The first two Tamagotchi Game Boy games share a similar death sequence consisting of the Tamagotchi collapsed on the ground dying with a skull flashing next to it while the heart monitor sounds play, gradually getting slower until the flatline sounds, and then, while sad, mournful music plays, a montage of the character in several poses is shown before fading away to a screen showing the dead character (next to a gravestone on the Japanese versions), who then, after a few seconds, floats about as ghost on the Japanese versions or an angel in international releases. On the first game, the screen rapidly flashes black during the initial sequence, while on the second game the initial sequence has a foggy border and fades straight away to the character as a ghost in an animated background with falling leaves or floating bubbles after its poses as most adults have different gravestones.
If a Tamagotchi dies from old age, it will be shown peacefully lying on its back as it passes (Kusatchi actually wilts instead and Kaitchi almost out of its shell), but with no flashing skull, and the death beeps may briefly stop so that an animation of the Tamagotchi laying an egg can play before the flatline. This egg will immediately be placed in the player's care following the actions taken at the memorial screen with the sad, mournful music, except with different poses from the first. A Tamagotchi who has died of old age, won a number of contests and lived a healthy, well-trained life may be admitted into the Hall of Fame. Despite having apparently passed away, an animation plays showing the Tamagotchi happily being taken into a UFO to go back to its home planet with the intro music playing.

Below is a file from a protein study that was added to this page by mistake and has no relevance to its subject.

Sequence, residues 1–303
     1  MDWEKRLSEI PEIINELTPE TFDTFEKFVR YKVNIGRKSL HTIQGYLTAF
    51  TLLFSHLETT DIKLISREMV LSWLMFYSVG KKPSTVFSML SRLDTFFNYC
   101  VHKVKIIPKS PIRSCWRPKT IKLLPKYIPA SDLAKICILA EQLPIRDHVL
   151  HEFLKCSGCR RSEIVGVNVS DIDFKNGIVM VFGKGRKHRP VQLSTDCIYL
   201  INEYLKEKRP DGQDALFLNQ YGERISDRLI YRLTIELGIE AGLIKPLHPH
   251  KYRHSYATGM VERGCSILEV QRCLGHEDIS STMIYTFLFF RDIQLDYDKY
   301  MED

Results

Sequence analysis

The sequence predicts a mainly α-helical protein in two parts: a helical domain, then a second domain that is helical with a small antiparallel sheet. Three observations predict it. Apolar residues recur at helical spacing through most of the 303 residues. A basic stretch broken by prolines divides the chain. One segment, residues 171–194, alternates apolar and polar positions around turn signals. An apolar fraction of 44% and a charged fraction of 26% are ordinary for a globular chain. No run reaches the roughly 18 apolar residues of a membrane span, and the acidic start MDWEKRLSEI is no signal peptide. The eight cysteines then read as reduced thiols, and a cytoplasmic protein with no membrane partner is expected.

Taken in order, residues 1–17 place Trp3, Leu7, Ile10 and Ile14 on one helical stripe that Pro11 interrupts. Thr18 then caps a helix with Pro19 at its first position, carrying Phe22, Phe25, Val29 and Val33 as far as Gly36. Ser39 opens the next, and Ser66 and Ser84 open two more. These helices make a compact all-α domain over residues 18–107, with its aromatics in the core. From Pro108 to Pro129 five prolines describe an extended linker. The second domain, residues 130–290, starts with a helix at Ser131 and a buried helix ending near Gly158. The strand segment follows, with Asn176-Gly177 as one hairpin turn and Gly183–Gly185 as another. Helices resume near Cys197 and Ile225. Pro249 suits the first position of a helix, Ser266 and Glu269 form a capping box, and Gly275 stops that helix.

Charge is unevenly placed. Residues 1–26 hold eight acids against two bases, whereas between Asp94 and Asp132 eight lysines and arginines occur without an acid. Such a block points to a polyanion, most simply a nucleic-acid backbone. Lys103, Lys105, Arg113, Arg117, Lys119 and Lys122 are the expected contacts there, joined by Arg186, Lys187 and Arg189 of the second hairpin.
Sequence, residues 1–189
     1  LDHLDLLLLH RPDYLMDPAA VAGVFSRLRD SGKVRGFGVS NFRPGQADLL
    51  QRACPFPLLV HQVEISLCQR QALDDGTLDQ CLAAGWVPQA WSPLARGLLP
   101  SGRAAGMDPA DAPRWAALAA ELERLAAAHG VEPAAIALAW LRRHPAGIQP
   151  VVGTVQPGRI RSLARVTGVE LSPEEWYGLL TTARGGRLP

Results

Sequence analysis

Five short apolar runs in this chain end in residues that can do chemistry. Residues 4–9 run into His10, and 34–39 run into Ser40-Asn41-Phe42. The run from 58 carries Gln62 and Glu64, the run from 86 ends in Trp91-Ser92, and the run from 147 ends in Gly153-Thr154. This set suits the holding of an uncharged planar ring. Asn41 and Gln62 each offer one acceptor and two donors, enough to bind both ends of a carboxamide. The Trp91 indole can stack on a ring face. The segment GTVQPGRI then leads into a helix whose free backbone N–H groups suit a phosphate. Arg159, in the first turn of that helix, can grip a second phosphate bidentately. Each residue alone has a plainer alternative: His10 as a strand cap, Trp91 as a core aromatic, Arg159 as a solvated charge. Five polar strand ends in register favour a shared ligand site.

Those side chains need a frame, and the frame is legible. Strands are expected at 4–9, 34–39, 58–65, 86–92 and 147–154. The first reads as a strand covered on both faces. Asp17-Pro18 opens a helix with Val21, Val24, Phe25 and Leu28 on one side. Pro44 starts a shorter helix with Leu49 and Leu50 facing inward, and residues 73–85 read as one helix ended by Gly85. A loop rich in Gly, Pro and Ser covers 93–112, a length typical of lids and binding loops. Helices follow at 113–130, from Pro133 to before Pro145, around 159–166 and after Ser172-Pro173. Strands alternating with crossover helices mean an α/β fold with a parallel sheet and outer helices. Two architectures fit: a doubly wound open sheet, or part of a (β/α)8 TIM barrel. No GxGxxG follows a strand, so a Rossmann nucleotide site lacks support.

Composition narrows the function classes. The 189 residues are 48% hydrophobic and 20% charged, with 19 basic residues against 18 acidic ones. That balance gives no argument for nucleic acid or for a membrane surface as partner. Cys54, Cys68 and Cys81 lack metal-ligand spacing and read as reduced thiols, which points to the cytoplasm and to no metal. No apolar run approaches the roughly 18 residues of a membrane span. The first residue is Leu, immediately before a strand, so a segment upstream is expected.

In Game de Hakken!! Tamagotchi Osucchi to Mesucchi, the death screen is completely different from the previous two games. Before heading there, the Tamagotchi simply dies in their room and disappears without playing a flatline sound. Instead of showing a dying character floating as a spirit, the game will take you to a different screen showing a deceased character (about to be buried) next to a headstone with a large cross (similar style as in Morino Tamagotchi) while the spirit of a character in a different poses flashing in the sky in a dark background along with darker, creepier, and still very sad music than the last two games in the background.